Within these new aggressions, the Simojovel Catholics detail that on 16 June, PRI militants “met at the offices of the National Campesino Confederation, several of them carrying machetes, sticks, and gasoline amphoras. Even at night, they went to buy more gasoline, and during the day it was heard that they would attack the church and remove the priest forcibly to kill him.” Beyond this, on 20 June, “a parish council that has been awarded precautionary measures by the Inter-American Commission on Human Rights (IACHR) received strong threats against its person and family, leading them to decide to leave and seek out refuge in another municipality for some days.” Two days later, 10 people “strongly armed harassed the CIRSA offices, being a cooperative created by the Catholic Church, whose board members work in the Church, yet no valuable objects were stolen.” That same day in Bochil, close to Simojovel, four people in a parked car were overheard saying, “We are going to decapitate Father Marcelo from Simojovel. We are just finding the right time to do so, given all the fucked-up things he does.”

It should be recalled that for the past year, the Catholics from Simojovel have through pilgrimages demanded the closure of cantinas and sex-houses, and that the sale of drugs and arms in the zone be curtailed. The result is the death-threats they now confront.

For more information (in Spanish):

Pronunciamiento completo: Situación de riesgo contra defensores comunitarios del Pueblo Creyente en Simojovel (Pueblo Creyente de Simojovel,

Por denunciar la corrupción y la venta de drogas, grupos priistas amenazan de muerte al sacerdote y habitantes de Simojovel, Chiapas(Desinformémonos, 25 de junio de 2015)

Prevalece en Simojovel “situación de alto riesgo” por detención de ex alcalde(La Jornada, 25 de junio de 2015)

For more information from SIPAZ (in English):

Chiapas: OMCT and FIDH urge protection of Simojovel priest (23 April 2015)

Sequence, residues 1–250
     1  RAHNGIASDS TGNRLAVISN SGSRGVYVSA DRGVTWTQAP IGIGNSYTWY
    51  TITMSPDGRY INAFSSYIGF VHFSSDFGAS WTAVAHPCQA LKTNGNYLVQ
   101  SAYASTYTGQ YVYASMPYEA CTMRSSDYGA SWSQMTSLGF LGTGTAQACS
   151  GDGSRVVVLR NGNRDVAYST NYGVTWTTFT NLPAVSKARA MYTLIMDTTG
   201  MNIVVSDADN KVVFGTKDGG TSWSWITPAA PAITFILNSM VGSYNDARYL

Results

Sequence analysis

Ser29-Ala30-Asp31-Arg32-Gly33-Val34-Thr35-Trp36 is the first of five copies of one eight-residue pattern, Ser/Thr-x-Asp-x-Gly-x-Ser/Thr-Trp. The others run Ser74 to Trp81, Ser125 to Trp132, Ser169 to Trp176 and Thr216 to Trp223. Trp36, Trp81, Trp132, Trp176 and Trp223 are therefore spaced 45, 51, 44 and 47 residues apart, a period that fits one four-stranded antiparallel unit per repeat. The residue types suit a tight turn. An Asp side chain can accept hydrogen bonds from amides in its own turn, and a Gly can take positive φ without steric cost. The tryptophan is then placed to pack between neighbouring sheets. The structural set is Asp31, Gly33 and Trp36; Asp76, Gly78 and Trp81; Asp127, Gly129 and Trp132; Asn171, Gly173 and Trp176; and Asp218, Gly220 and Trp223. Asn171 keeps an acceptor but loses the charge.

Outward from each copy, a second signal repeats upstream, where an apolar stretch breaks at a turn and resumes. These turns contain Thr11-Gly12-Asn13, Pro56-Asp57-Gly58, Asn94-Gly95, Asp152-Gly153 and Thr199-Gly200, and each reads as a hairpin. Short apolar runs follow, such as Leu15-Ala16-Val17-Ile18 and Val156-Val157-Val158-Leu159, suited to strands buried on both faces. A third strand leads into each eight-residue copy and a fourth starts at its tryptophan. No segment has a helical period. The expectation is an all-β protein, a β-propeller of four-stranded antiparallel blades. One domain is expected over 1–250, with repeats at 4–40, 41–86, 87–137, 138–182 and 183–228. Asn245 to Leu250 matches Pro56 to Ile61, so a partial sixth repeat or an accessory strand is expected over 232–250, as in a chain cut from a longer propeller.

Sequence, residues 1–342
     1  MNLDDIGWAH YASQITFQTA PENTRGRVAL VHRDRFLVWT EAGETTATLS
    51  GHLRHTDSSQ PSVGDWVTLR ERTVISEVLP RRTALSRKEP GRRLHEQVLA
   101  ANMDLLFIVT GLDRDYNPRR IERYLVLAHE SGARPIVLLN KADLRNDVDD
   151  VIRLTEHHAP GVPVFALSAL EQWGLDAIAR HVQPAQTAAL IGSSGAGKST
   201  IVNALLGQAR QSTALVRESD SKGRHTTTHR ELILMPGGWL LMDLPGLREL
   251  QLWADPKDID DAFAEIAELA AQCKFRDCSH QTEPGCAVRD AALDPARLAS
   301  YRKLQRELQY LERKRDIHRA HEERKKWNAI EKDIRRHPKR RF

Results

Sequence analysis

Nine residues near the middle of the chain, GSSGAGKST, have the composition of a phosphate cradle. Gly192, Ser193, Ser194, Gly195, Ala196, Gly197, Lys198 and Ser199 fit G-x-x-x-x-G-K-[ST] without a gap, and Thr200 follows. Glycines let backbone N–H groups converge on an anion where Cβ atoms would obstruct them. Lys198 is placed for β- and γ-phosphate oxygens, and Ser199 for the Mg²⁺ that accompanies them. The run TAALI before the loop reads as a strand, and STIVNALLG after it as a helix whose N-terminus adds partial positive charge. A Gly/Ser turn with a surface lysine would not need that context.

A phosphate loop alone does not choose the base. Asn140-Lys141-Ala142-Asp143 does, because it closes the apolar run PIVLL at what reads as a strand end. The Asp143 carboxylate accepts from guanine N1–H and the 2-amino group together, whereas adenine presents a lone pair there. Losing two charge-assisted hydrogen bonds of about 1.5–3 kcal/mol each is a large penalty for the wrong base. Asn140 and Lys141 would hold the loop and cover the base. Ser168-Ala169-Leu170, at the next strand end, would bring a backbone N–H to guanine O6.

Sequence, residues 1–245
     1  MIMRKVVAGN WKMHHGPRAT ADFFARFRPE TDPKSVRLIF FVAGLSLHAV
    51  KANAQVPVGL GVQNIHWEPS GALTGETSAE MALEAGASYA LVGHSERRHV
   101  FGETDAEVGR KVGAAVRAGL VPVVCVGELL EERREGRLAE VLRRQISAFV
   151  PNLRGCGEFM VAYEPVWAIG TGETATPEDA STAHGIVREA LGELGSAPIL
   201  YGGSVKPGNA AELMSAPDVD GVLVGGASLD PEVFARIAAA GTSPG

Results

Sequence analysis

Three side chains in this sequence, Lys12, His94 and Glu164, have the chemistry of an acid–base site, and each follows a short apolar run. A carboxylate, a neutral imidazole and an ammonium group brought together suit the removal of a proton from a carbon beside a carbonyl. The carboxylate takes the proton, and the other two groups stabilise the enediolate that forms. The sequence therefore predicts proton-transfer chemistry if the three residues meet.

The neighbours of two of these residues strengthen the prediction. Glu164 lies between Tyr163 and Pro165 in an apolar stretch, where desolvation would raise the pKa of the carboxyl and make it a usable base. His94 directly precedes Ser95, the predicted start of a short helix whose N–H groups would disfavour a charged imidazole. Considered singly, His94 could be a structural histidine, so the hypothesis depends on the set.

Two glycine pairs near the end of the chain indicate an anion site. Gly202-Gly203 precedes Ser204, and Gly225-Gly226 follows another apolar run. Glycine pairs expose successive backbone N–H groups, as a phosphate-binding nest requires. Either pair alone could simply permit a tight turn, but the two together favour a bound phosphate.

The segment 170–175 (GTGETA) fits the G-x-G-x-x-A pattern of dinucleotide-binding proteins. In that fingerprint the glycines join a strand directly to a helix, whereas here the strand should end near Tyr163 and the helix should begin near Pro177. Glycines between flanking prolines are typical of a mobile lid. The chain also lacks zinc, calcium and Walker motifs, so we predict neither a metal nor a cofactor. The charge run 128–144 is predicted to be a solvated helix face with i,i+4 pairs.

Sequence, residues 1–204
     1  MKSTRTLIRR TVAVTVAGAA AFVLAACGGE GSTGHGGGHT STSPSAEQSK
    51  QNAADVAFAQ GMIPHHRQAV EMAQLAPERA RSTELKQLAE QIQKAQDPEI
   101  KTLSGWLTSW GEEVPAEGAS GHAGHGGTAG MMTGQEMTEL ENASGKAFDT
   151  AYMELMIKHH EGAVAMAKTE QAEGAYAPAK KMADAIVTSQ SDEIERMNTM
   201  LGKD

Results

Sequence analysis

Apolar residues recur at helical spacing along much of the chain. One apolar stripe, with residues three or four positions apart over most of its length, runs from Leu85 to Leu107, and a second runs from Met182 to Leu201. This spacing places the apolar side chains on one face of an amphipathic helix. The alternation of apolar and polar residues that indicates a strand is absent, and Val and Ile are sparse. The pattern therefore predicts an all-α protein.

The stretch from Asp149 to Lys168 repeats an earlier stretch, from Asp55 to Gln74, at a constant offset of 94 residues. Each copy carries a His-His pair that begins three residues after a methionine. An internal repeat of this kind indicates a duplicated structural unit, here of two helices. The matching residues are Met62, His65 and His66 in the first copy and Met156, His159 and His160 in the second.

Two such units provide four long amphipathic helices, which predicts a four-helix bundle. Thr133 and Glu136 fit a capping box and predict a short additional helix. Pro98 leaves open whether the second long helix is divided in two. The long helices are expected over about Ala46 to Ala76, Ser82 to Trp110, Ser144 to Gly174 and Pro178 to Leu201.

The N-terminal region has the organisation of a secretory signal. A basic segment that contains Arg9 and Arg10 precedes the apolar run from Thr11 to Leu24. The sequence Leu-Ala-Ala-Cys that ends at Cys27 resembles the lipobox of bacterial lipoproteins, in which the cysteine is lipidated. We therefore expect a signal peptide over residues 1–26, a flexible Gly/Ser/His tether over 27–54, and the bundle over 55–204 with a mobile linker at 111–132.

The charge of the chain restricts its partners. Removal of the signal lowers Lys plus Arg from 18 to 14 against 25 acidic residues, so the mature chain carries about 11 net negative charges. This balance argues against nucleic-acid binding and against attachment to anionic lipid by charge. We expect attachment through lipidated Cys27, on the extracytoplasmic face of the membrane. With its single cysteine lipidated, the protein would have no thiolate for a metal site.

Chiapas: New threats against members of the Believing People in Simojovel after their fifth pilgrimage demanding security and peace (12 November 2014)

Chiapas: Urgent Action concerning threats to Marcelo Pérez, priest of Simojovel (28 June 2014)


Chiapas/National: 26 June, International Day of Support for Torture Victims

July 2, 2015

IMAGEN_STOP_TORTURA_PARA_COMPARTIR_EN_RRSS

(@Amnesty International)

On 26 June was celebrated the International Day of Support for Torture Victims, which this year was focused on the right to rehabilitation. The declarations and denunciations regarding torture have not ceased after the visit to Mexico by the UN Special Rapporteur on Torture, who in his report stressed that “torture and abuses of the incarcerated on the part of the authorities in Mexico are generalized.” Many cases are not denounced due to fear of revenge, and principally they are the committed by municipal, state, and federal police, as well as ministerial agents and the military. “Torture and abuse take place during the first 24 to 48 hours of the arrest, and generally they end after the person is arraigned: the methods that are used include threats, insults, destruction of belongings, as well as beatings (usually involving hard objects), electrocution, water-boarding, violence, and sexual abuse.” Beyond this, he added that the disparity between the number of denunciations and testimonies received and the number of condemnations is a “worrying sign of impunity.” The Rapporteur declared he had been pressured to keep his report short, leading in turn to the accusation that the report was based on a small number of cases.

On the one hand, the National Commission on Human Rights (IACHR) in Mexico communicated that from 2001 to May 2015 it received 10,688 complaints regarding torture and other abuses (on average 2 a day). It affirms that in just over two years of the administration of Enrique Peña Nieto, it has received 2,119 denunciations, with the military being the most frequently accused force. It also poinst to the fact that the country has lacked a national registry to reflect the totality of the cases of torture and other abuses. The results it has available have been compiled by the CNDH, state human-rights commissions, and the denunciations that have been brought together.